This article needs to be updated. In particular: UCLASS was switched to CBARS, the MQ-25 was chosen, and the entire role of the aircraft changed.April 2020)(
The United States Navy Unmanned Combat Air System Demonstrator (UCAS-D) program consists of
The UCAS-D program is to demonstrate the feasibility of operating an unmanned vehicle on an aircraft carrier. Technology and operational procedures gained from the program and X-47B demonstrator will be used to develop an operational unmanned carrier aircraft through the Unmanned Carrier-Launched Surveillance and Strike (UCLASS) program.
USS George H.W. Bush (CVN-77) is the tenth and final Nimitz-class supercarrier of the United States Navy. She is named for the 41st President of the United States and former Director of Central Intelligence George H. W. Bush, who was a naval aviator during World War II. Bush's callsign is Avenger, after the TBM Avenger aircraft flown by then-Lieutenant George H.W. Bush in World War II. Construction began in 2003 at the Northrop Grumman Newport News shipyard's Dry Dock 12, the largest in the western hemisphere. She was completed in 2009 at a cost of $6.2 billion and her home port is Naval Station Norfolk, Virginia.
The Boeing X-45 unmanned combat air vehicle is a concept demonstrator for a next generation of completely autonomous military aircraft, developed by Boeing's Phantom Works. Manufactured by Boeing Integrated Defense Systems, the X-45 was a part of DARPA's J-UCAS project.
The Northrop Grumman X-47 is a demonstration unmanned combat aerial vehicle. The X-47 began as part of DARPA's J-UCAS program, and is now part of the United States Navy's UCAS-D program to create a carrier-based unmanned aircraft. Unlike the Boeing X-45, initial Pegasus development was company-funded. The original vehicle carries the designation X-47A Pegasus, while the follow-on naval version is designated X-47B.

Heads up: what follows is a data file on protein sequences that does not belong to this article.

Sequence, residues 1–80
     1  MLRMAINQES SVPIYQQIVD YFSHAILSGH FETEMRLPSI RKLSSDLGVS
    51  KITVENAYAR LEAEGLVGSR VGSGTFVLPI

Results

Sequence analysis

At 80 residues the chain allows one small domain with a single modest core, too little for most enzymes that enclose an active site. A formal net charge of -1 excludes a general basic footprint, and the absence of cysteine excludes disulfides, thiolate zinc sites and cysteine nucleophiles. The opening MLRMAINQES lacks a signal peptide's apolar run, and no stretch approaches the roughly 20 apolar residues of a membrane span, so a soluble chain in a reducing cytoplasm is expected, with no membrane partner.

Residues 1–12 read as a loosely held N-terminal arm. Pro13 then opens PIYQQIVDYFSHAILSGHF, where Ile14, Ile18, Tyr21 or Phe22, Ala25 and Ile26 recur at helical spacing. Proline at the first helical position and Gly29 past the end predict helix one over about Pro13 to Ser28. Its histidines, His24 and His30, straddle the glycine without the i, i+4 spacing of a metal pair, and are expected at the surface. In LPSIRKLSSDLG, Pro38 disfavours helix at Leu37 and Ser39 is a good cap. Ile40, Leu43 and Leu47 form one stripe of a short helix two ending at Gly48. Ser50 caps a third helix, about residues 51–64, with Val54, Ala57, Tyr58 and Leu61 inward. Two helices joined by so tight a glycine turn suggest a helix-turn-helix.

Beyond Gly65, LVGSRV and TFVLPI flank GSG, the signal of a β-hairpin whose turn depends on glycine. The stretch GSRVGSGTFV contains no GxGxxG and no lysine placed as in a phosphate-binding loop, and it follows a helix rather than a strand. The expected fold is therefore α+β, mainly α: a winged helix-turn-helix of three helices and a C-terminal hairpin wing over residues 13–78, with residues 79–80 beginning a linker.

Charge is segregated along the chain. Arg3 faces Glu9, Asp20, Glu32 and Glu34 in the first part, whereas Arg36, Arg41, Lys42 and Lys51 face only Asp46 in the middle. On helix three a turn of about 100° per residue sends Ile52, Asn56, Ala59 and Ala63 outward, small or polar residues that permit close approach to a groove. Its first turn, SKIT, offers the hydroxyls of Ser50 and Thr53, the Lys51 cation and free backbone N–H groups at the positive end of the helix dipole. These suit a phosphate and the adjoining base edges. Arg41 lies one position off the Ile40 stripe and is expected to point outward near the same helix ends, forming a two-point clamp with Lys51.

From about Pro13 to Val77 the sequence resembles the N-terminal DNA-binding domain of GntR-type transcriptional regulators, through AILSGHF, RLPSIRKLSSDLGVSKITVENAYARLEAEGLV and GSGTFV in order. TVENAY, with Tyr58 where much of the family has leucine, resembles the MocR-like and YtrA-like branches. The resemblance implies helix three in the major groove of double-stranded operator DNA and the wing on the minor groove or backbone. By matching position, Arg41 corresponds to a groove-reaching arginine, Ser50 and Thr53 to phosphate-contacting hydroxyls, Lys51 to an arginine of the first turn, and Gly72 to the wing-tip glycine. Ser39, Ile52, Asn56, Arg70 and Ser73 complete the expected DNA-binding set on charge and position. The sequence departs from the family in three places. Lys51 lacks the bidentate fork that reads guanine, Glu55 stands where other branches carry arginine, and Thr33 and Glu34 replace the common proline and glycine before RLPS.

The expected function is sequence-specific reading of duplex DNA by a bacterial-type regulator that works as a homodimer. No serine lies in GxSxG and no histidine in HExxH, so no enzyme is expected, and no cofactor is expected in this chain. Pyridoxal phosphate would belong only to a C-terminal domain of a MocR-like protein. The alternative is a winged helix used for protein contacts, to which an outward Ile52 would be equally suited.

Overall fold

The Northrop Grumman MQ-4C Triton is an American high-altitude long endurance unmanned aerial vehicle (UAV) under development for the United States Navy as a surveillance aircraft. Together with its associated ground control station, it is an unmanned aircraft system (UAS). Developed under the Broad Area Maritime Surveillance (BAMS) program, the system is intended to provide real-time intelligence, surveillance and reconnaissance missions (ISR) over vast ocean and coastal regions, continuous maritime surveillance, conduct search and rescue missions, and to complement the Boeing P-8 Poseidon maritime patrol aircraft. Triton builds on elements of the RQ-4 Global Hawk; changes include reinforcements to the air frame and wing, de-icing systems, and lightning protection systems. These capabilities allow the aircraft to descend through cloud layers to gain a closer view of ships and other targets at sea when needed. The sensor suites allow ships to be tracked by gathering information on their speed, location, and classification.
The Dassault nEUROn is an experimental unmanned combat aerial vehicle (UCAV) being developed with international cooperation, led by the French company Dassault Aviation. Countries involved in this project include France, Greece, Italy, Spain, Sweden and Switzerland. The design goal is to create a stealthy, autonomous UAV that can function in medium- to high-threat combat zones. Comparable projects include the British BAE Systems Taranis, German/Spanish EADS Barracuda, American Boeing X-45 and Northrop Grumman X-47B, the Indian DRDO AURA, and the Russian Mikoyan Skat and Sukhoi Okhotnik.
Joint Unmanned Combat Air Systems, or J-UCAS, was the name for the joint U.S. Navy and U.S. Air Force unmanned combat air vehicle procurement project. The two vehicles involved in the project were the Boeing X-45 and Northrop Grumman X-47. J-UCAS was managed by the Defense Advanced Research Projects Agency. In the 2006 Quadrennial Defense Review, it was stated that the J-UCAS program would be terminated and instead a new long-range strategic bomber program, "Next-Generation Bomber", for the Air Force has been launched. The program was revitalized into a Navy-only program named UCAS-D.